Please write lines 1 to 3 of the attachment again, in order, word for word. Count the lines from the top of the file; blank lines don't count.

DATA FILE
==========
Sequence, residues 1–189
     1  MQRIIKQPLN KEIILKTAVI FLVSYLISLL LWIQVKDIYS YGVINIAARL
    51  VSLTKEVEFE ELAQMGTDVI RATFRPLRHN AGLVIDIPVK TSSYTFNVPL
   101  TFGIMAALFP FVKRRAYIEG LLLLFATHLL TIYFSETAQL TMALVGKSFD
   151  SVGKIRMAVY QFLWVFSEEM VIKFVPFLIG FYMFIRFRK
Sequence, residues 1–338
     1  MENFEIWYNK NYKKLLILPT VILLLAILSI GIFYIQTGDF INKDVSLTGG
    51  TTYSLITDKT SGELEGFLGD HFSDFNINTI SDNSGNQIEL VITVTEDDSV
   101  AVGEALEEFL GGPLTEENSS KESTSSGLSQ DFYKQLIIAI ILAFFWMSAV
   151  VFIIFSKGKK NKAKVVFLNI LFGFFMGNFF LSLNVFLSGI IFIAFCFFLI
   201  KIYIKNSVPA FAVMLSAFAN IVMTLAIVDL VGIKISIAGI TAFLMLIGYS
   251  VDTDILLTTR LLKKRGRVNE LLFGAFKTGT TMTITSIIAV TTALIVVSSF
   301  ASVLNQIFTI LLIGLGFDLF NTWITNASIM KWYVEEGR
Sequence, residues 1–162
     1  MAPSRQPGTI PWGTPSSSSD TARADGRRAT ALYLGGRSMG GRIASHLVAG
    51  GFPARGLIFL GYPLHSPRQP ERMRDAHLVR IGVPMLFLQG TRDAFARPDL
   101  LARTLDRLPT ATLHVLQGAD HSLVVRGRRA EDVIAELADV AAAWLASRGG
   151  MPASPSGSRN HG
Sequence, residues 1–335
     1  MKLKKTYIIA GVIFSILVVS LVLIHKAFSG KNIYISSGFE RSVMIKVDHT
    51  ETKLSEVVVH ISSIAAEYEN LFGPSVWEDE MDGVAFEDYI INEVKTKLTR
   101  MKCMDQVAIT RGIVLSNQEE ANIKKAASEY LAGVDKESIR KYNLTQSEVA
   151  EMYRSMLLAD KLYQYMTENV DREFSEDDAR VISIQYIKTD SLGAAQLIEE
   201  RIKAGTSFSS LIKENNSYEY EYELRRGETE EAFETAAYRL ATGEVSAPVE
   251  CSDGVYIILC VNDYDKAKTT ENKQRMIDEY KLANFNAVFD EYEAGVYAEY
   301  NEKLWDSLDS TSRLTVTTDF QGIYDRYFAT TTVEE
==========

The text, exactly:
Sequence, residues 1–189
     1  MQRIIKQPLN KEIILKTAVI FLVSYLISLL LWIQVKDIYS YGVINIAARL
    51  VSLTKEVEFE ELAQMGTDVI RATFRPLRHN AGLVIDIPVK TSSYTFNVPL